Coleman might have NW Minnesota voters to thank

If Republican Norm Coleman holds on to his slim lead over Democrat Al Franken and secures a second term representing Minnesota in the U.S. Senate, he can thank the voters of Polk County.

Vote Totals

If Republican Norm Coleman holds on to his slim lead over Democrat Al Franken and secures a second term representing Minnesota in the U.S. Senate, he can thank the voters of Polk County.

Or Marshall County.

Or Pennington, Roseau, Lake of the Woods or Clearwater.

With all of the state's precincts reporting, Coleman's lead of 475 votes over Franken has triggered a mandatory recount, required by state law when the margin between the top two candidates is less than one-half of 1 percent.

In the 11-county region of northwestern Minnesota, Coleman defeated Franken by a full 6 percent -- 47.4 percent to 41.4 per cent, with Independence Party candidate Dean Barkley claiming 11.2 percent.


In actual votes in northwestern Minnesota, Coleman had 34,320 to Franken's 29,794 and Barkley's 8,211.

That's a Coleman advantage of more than 4,500 -- or nearly 10 times his statewide cushion.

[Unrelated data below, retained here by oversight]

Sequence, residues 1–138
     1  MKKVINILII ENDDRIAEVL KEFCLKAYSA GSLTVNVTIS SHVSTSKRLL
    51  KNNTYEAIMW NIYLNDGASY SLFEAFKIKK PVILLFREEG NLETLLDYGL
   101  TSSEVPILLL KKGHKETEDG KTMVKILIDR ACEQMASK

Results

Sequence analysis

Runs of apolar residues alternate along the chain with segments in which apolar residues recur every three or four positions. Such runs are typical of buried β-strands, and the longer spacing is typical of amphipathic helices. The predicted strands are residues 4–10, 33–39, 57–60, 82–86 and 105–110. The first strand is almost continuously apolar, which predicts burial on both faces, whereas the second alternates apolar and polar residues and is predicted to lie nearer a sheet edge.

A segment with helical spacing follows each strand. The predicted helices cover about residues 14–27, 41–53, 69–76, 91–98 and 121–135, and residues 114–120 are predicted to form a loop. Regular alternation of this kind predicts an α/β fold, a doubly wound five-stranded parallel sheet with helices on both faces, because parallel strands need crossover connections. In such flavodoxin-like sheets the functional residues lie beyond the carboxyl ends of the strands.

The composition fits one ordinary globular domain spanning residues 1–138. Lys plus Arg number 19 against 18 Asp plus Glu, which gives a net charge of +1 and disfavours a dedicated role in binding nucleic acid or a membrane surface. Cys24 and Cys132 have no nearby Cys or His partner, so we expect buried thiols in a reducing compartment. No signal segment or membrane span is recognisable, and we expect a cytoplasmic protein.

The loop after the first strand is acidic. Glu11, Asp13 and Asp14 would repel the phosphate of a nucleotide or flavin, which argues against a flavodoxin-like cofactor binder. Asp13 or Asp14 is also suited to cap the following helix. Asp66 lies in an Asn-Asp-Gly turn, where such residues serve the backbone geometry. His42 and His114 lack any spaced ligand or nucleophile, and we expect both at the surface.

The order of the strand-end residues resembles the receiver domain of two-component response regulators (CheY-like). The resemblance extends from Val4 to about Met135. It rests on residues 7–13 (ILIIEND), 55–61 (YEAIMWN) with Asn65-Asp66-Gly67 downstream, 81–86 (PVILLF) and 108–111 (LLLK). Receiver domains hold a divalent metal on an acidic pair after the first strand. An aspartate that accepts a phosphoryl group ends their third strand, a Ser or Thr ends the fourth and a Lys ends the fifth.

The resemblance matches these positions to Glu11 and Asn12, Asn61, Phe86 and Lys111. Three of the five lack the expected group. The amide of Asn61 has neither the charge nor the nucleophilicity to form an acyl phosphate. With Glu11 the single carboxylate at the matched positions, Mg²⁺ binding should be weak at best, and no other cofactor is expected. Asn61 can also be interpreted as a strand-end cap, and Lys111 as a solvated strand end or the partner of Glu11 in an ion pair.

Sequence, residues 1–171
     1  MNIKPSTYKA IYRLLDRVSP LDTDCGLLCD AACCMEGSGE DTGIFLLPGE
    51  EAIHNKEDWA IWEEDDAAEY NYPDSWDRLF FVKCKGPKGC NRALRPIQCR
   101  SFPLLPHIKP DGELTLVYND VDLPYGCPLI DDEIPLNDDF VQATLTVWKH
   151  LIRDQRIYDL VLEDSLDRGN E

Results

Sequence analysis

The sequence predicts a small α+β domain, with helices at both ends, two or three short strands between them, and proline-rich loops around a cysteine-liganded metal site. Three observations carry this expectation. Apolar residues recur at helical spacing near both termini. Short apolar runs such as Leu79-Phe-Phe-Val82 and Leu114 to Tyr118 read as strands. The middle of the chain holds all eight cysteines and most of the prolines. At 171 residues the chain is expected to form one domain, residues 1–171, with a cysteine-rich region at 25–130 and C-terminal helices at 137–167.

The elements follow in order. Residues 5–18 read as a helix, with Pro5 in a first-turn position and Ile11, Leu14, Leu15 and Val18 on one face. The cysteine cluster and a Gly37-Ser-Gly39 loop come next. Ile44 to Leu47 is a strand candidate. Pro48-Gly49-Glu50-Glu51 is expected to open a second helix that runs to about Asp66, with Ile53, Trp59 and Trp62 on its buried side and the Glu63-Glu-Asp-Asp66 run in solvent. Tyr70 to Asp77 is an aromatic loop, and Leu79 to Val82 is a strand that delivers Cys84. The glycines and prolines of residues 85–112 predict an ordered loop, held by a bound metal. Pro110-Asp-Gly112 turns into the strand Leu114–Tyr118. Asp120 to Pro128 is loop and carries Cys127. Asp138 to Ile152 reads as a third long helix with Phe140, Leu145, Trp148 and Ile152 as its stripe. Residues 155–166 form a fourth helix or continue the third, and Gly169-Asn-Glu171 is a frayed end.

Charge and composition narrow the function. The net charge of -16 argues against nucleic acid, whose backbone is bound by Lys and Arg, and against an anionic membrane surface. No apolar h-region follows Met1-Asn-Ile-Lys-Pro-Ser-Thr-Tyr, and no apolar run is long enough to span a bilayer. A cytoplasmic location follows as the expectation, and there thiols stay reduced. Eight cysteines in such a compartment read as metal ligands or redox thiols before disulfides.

Coleman did especially well in Roseau County, where he took 57.5 percent to Franken's 31.7 percent (4,394 votes to 2,420). The incumbent also topped 50 percent in the three-way race in Lake of the Woods and Clearwater counties.

Franken won in Beltrami, Norman, Mahnomen and Kittson counties, but his margins in raw votes ranged from just 93 in Kittson to 576 in Beltrami. Franken's combined advantage in the four counties was trumped by Coleman's edge in Roseau County alone.

"Coleman has been here a lot, and people know him," said Jeff Pelowski, who was elected Tuesday to a sixth term as Roseau mayor. "He was pretty visible after the (June 2002) flood.

"Franken was here, but I just don't know ... people here are a little more conservative than the picture Franken presented of himself."